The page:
The recent advent of microarray based genomic analysis has facilitated a systematic discovery of molecular pathways impaired in human disease. Using microarrays to analyze the epithelium from KC patients, Nielsen et al.  found altered expressions of Charcot-Leyden crystal protein, desmoglein 3, epithelial membrane protein 3, S100 calcium binding protein A2, and secretory leukocyte peptidase inhibitor. Ha et al.  analyzed cultured KC corneal fibroblasts using a microarray containing 164 human apoptosis genes and found several that could play a role in the mechanism resulting in stromal thinning.
In our current study, we combined evidence from genome-wide expression profiling of KC corneal fibroblasts, western blot analysis of KC corneal fibroblast cell lysates, and immunohistochemistry of archived KC keratoplasty specimens to identify genes that may play a role in the pathogenesis of KC.
The study was approved by the Institutional Review Board at the University of Texas Southwestern Medical Center (Dallas, TX) and was performed to the tenets of the Declaration of Helsinki for research involving human subjects. In this study, 18 keratoconus corneas, 10 normal corneas, and 10 corneas with Fuchs’ endothelial dystrophy were used.
Five normal corneas and three KC corneas were used for microarray analysis. The normal corneas were donor corneas obtained from Florida Lions Eye Bank (Tampa, FL) transported in Optisol GS corneal storage medium (Bausch & Lomb, Rochester, NY) at 4 °C within 24 h post-mortem. The KC corneas were collected from cornea fellowship trained ophthalmologists within 24 h of the patient surgeries. The keratoplasty specimens were transported in Optisol GS (Bausch & Lomb) at 4 °C. The clinical diagnosis of KC was made by corneal specialists based on slit lamp findings (stromal thinning/ectasia, Fleischer ring, Vogt’s striae, and subepithelial/stromal scarring) and/or on Placido ring corneal topography signs.
Archived surgical keratoplasty and ocular pathology specimens (15 KC corneas, 5 normal corneas of whole globes enucleated for other pathology, and 10 Fuchs’ corneal endothelial dystrophy) were examined by immunohistochemistry. The histopathologic diagnosis of KC had been made by an ocular pathologist based on the presence of breaks in the epithelial basement membrane and Bowman’s membrane, central stromal thinning, anterior stromal scarring, iron in basal epithelium, and/or breaks in Descemet’s membrane. The histopathologic diagnosis of Fuchs’ dystrophy had been made by an ocular pathologist based on the presence of guttata and thickening of Descemet’s membrane with attenuation of the endothelium.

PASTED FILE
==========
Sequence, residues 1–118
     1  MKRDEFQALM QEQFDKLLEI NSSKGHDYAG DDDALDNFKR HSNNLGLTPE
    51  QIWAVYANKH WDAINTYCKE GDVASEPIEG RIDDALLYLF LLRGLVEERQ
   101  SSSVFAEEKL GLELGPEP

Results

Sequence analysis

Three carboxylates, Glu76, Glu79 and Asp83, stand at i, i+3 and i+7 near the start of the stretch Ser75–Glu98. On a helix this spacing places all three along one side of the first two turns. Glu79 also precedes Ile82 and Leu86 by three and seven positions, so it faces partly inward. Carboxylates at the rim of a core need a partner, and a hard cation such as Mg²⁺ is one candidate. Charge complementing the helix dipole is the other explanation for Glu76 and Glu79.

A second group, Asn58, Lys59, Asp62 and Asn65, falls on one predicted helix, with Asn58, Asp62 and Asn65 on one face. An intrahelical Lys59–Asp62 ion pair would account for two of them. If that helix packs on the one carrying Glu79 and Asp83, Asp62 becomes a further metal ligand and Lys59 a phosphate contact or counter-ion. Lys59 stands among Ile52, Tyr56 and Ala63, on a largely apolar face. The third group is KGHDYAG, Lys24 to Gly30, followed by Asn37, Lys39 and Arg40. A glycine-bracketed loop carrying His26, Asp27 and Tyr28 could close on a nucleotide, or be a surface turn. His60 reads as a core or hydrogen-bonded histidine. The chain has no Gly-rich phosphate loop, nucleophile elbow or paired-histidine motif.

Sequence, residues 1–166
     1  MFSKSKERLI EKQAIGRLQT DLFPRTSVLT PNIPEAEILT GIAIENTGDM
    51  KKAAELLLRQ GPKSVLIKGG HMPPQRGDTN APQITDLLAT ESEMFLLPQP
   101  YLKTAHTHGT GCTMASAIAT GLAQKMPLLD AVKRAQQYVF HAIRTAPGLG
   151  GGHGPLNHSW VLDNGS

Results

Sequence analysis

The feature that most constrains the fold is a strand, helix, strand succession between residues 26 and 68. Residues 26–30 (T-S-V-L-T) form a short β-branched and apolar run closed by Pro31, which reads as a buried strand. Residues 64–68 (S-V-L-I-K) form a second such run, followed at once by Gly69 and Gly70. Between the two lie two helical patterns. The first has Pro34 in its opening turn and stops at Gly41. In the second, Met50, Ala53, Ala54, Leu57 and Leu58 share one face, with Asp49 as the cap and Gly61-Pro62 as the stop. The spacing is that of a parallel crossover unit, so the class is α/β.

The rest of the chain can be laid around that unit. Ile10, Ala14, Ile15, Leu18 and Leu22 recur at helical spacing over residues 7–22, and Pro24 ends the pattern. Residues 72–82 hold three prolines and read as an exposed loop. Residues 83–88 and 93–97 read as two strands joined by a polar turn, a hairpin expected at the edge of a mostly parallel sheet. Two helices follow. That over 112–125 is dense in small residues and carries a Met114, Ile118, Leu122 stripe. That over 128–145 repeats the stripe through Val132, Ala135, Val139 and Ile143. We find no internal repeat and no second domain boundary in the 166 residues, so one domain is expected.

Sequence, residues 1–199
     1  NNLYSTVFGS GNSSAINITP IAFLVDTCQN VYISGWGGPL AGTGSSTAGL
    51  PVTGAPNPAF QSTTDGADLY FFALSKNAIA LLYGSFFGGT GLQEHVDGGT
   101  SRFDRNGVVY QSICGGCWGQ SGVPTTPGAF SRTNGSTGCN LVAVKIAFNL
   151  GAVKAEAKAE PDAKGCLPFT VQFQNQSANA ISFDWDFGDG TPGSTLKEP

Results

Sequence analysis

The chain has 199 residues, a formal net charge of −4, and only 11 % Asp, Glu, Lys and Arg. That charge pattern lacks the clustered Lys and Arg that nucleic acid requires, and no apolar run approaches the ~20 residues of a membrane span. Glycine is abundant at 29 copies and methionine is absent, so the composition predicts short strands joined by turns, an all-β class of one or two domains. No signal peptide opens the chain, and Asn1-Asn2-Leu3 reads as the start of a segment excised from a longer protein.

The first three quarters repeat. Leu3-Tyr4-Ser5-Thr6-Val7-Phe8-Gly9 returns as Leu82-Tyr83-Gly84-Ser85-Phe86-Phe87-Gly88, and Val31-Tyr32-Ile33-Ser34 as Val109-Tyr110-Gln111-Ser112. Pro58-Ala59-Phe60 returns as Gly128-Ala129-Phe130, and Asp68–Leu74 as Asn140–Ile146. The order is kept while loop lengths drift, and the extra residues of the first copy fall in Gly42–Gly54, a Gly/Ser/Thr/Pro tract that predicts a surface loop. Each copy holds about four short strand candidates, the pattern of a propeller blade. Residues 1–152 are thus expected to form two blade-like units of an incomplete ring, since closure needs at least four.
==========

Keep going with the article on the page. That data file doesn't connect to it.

Keratocytes (having a fibroblast morphology) from keratoconus keratoplasty specimens and eye bank donor corneas were isolated and expanded from stromal tissue using serum containing medium. Keratoplasty specimens were dissected in Hanks’ buffered saline solution (Life Technologies Inc., Grand Island, NY) to remove the epithelium and Descemet’s membrane with the endothelium. The stromal tissue was cut into 1 mm3 pieces and used as stromal explants for culture (at 37 °C in 5% CO2 humidified incubator) using Dulbecco’s modified Eagle’s medium containing 10% fetal bovine serum, 100 µg/ml penicillin, 100 µg/ml streptomycin, and 0.2 µg/ml amphotericin B (Life Technologies Inc.). Cells between passages 0 and 3 were used in this study.
Approximately 2×106 cultured keratocytes were lysed for RNA isolation using Trizol® reagent (Invitrogen, Carlsbad, CA) as per the manufacturer’s instructions. The cells were lysed in the tissue culture flask using 1 ml/cm2 Trizol®. The homogenate was then transferred to RNase free polypropylene tubes and incubated at room temperature for 5 min. Chloroform (0.5 ml to 1 ml of Trizol® used) was added to the homogenate, and the tubes were shaken vigorously and then incubated at room temperature for 5 min to allow complete mixing. The samples were then centrifuged at 12,000x g for 15 min at 4 °C. The aqueous phase (upper layer) containing the RNA was transferred to a fresh tube to which 0.5 ml of isopropanol/ml of Trizol® was added. The samples were then centrifuged at 12,000x g for 10 min at 4 °C to pellet the RNA. The RNA pellet was then washed with 70% ethanol and dissolved in 50–100 μl of RNase free water and frozen at −80 °C for future use.